I was the idiot in civil procedure who asked, on the first day of class, “So what happened to the plaintiff after remand?” Actually, I’m not sure I understood or used the word “remand.” But I definitely wanted to know what happened to the parties after the decision.
I will never forget my professor’s response. She became quiet. She narrowed her eyes. She squinted at me in a way that suggested she was repulsed by the question. Of course, everyone else in the 100-person class looked at me as well. Finally she said, “It doesn’t matter.”
We continued with another case.
Looking back, I understand the pedagogical reason for the response. She wanted me to start thinking differently, to read cases not just to find out “what happened” but to understand principles, reasoning, and doctrine. I learned civil procedure well, and I considered paying tribute to this fine professor on the blog. It is no small feat to help students change they way they think.
But I want to use my space to thank another professor who helped change the way I think, Professor Marty Guggenheim. After two years of law school, I had come to view law primarily as an interesting intellectual exercise. I had forgotten the people who were involved in the disputes. I was no longer interested in their stories. Professor Guggenheim helped me see that the people in the cases mattered, and he showed me how to draw on a solid theoretical understanding of law to help people.
Professor Guggenheim was my professor as part of my participation the Family Law Clinic at NYU. He supervised students who assisted clinic clients, and he taught a course in children’s rights in conjunction with the clinic. Under his guidance, I wrote my first real brief. I remember feeling panicked about submitting to the court: the stakes were so high; a child’s placement in a foster home was at stake. Professor Guggenheim’s advice about the brief was outstanding. I don’t recall the specifics of the legal point, but he helped me understand a statutory construction argument that had eluded me, and he showed me how to improve connections between sentences and paragraphs to clarify and strengthen my argument. He reviewed and critiqued multiple drafts of a fairly long brief. After the second or third draft, I had a “lightening bolt moment”: I understood both the power of words to help real people and the importance of precision in statutes.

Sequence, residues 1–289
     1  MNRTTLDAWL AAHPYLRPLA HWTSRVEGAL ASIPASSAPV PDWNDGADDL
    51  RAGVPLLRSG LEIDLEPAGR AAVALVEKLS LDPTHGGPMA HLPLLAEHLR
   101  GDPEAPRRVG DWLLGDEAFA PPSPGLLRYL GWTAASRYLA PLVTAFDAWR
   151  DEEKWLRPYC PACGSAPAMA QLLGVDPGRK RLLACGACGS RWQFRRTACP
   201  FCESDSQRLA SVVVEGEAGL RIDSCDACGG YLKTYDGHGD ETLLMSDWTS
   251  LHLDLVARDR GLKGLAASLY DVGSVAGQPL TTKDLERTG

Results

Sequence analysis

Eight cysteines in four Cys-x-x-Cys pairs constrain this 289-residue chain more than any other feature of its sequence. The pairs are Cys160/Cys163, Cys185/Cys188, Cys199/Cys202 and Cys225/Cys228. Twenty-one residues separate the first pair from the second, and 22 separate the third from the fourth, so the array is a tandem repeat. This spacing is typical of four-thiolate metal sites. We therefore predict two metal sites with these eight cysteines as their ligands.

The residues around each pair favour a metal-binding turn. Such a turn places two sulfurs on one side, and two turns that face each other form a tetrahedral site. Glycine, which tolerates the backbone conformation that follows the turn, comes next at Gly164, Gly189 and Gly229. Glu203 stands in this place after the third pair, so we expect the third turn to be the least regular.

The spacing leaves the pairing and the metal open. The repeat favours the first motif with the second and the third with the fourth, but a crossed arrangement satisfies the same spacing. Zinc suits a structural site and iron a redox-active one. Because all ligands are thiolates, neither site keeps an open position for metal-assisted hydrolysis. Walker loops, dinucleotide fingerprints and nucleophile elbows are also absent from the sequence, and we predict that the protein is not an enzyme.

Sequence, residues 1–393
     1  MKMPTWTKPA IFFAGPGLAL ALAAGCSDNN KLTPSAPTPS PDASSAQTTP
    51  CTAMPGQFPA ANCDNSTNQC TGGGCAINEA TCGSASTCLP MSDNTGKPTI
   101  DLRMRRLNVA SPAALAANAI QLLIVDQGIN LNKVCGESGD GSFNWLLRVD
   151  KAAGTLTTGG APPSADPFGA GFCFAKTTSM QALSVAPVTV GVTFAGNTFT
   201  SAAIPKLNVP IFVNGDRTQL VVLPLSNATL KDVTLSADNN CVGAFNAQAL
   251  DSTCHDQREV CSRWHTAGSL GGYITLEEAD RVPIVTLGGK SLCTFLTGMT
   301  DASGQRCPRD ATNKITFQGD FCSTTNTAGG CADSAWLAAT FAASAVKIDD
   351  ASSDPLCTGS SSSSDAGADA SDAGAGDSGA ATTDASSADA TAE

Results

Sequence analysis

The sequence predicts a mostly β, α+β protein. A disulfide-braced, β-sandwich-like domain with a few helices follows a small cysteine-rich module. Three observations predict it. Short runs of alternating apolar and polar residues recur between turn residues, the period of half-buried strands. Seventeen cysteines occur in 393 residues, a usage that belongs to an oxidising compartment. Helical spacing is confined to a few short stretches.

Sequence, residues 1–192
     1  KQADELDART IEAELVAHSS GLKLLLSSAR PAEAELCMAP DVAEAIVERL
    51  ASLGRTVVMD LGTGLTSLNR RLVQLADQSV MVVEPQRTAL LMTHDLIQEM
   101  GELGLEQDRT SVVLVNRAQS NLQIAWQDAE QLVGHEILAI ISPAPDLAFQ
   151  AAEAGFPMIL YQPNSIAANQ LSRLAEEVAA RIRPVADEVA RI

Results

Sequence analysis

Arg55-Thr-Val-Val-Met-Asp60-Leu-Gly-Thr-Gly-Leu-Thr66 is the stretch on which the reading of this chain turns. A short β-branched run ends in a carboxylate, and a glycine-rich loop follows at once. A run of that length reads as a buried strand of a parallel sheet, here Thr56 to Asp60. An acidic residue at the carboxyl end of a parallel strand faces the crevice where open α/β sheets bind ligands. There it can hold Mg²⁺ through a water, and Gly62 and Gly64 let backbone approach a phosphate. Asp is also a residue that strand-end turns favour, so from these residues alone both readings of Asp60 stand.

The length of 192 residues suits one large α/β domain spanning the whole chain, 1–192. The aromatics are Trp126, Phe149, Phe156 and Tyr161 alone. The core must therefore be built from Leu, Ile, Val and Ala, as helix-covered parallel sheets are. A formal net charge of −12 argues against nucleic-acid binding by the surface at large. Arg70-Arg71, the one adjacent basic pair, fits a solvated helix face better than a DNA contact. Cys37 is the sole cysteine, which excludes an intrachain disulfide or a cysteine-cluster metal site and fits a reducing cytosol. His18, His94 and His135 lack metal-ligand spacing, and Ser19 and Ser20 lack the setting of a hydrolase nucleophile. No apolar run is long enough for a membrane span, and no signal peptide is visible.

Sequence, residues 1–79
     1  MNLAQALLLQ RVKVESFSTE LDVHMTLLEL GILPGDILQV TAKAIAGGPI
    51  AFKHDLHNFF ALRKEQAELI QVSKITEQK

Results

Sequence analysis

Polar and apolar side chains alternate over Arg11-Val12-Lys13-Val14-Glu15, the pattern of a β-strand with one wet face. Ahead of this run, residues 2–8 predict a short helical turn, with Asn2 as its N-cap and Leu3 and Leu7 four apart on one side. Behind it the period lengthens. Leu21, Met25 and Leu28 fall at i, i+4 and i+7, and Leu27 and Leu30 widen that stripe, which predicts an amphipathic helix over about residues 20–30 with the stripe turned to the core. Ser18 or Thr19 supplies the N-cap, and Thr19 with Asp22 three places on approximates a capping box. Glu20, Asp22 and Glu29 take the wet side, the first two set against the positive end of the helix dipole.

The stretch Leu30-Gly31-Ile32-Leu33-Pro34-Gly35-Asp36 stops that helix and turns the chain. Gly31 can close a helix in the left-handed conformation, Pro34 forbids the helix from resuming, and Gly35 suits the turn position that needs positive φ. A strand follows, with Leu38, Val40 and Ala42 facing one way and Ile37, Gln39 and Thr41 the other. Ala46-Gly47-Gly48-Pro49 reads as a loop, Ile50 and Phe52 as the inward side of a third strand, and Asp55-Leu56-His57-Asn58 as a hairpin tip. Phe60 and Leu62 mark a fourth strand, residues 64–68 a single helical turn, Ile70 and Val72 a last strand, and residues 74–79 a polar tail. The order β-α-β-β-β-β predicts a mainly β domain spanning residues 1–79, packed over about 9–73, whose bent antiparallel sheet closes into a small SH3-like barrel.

This moment of discovery was one of many. Under Professor Guggenheim’s guidance, I conducted hearings in family court, interviewed clients, submitted briefs, interviewed and selected an expert witness, and challenged my own assumptions about the theoretical foundations of children’s rights. Professor Guggenheim prepared me for these experiences by being candid about my strengths and weaknesses, observing mock trials and mock interviews and giving feedback, and talking to me about the enormous responsibility inherent in legal representation. Professor Guggenheim helped me understand that lawyers are professionals who work hard to be worthy of clients’ trust. Somehow he made me believe I was up to the task. And he did the same for many other students. I did not appreciate then how tireless his efforts were.
I do now.